The government has pushed banks to lend in support of the stimulus, implemented after the global recession led to a collapse in exports that dragged economic growth to the weakest pace in seven years. China’s lending boom contrasts with the struggle in the U.S. to rid banks of illiquid assets and efforts by central banks from Switzerland to Japan to unfreeze credit.

China’s banks, which are mostly state-owned, have already met the bulk of the government’s target of at least 5 trillion yuan of new loans this year. Lending may top that level by as much as 3 trillion yuan, according to JPMorgan Chase & Co.

“The biggest dangers to China’s economy and financial system come from within, not from outside,” Jiang Zhenghua, former vice chairman of China’s parliamentary standing committee, said at a conference in Beijing April 11. “The biggest of these hidden dangers is the degree of bad loans in China.”

Bad Loans

Commercial banks’ bad-loan ratio was 2.45 percent at the end of 2008, according to the regulator. The ratio was more than 20 percent in 2003, before the government completed a cleanup of the banking system that cost more $500 billion.

The China Banking Regulatory Commission asked all banks to raise bad debt provisions to 150 percent of outstanding non- performing loans to be “prudent,” Chairman Liu Mingkang said in Beijing last month.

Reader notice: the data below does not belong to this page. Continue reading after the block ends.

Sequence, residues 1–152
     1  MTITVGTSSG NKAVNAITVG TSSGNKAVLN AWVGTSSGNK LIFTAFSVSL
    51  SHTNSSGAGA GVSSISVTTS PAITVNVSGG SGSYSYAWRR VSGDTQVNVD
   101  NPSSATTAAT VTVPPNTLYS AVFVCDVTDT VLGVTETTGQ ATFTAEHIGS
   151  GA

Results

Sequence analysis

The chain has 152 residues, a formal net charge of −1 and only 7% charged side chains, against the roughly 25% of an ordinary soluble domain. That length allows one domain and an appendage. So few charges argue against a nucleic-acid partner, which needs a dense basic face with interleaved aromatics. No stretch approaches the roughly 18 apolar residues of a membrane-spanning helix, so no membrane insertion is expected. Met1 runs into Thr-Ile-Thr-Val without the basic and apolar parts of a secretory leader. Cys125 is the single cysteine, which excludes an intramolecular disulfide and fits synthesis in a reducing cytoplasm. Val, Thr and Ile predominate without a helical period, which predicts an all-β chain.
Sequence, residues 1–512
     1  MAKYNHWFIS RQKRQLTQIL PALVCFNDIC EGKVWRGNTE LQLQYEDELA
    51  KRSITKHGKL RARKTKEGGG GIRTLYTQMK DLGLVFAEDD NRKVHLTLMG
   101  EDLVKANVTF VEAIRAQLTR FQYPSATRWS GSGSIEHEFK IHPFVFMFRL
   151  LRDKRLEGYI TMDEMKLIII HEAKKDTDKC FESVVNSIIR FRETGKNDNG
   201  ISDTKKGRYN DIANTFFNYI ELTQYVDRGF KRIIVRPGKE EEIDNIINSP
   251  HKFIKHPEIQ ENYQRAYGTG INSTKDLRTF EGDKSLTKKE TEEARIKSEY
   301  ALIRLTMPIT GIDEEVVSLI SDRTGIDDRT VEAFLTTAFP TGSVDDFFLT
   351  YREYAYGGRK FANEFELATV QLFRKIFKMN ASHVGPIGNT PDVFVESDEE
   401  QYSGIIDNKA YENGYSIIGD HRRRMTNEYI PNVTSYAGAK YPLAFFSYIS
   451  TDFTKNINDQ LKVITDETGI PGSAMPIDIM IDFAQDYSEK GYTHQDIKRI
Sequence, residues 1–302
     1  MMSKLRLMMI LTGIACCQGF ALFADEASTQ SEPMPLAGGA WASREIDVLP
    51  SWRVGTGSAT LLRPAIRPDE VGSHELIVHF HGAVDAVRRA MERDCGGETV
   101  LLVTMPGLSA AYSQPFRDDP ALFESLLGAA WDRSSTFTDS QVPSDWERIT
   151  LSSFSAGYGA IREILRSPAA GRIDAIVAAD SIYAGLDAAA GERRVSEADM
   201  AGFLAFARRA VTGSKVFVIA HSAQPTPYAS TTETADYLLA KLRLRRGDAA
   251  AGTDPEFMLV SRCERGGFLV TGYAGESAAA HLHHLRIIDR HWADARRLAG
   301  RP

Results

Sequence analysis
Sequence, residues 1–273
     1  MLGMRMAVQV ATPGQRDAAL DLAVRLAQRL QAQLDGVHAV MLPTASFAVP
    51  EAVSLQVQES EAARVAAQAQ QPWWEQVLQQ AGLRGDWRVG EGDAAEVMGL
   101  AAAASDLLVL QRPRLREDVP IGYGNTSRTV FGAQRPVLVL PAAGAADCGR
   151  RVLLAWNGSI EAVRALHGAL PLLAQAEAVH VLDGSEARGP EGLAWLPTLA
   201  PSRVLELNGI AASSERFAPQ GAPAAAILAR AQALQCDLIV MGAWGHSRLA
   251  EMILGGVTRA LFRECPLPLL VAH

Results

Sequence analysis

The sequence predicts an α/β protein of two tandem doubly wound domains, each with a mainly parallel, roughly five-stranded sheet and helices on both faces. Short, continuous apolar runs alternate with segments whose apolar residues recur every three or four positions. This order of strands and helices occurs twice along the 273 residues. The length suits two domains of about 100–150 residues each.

In yesterday’s statement, the central bank pledged to prevent loans from going to high energy-consuming or polluting enterprises or to industries where there is overcapacity. It also reiterated support for loans to the agricultural sector, as well as to small- and medium-sized companies.

“The lending numbers are extraordinarily strong and there must be concerns about the impact on overall loan quality, the potential for new asset-price bubbles, and whether these funds can all be allocated to investment projects in an efficient manner,” said Brian Jackson, senior strategist at Royal Bank of Canada in Hong Kong. “When you are throwing around so much money so quickly, some of it is bound to be wasted.”

Deepening Crisis

The Shanghai Composite Index has climbed 34 percent this year, the second-best performer of 88 benchmark gauges tracked by Bloomberg, fueling concern that some of the increase in lending has been used for speculation.

“Some of the money has gone to the property market, some to the stock market,” said Kevin Lai, an economist with Daiwa Institute of Research in Hong Kong. “It is not what the central bank wants to see.”

Wen cited a month-on-month rebound in trade and gains in stocks and property transactions as evidence the stimulus is working, in an interview at the aborted Association of Southeast Asian Nations meeting, according to Xinhua. Signs of recovery also include a 26.5 percent jump in urban fixed-asset investment in the first two months.

Vigilance is still needed as the global financial crisis is continuing to deepen and spread, Xinhua cited Wen as saying.

China’s economic growth slowed to 6.8 percent in the fourth quarter. First-quarter data is due to be released April 16.

Tags: Emerging Markets · FUQI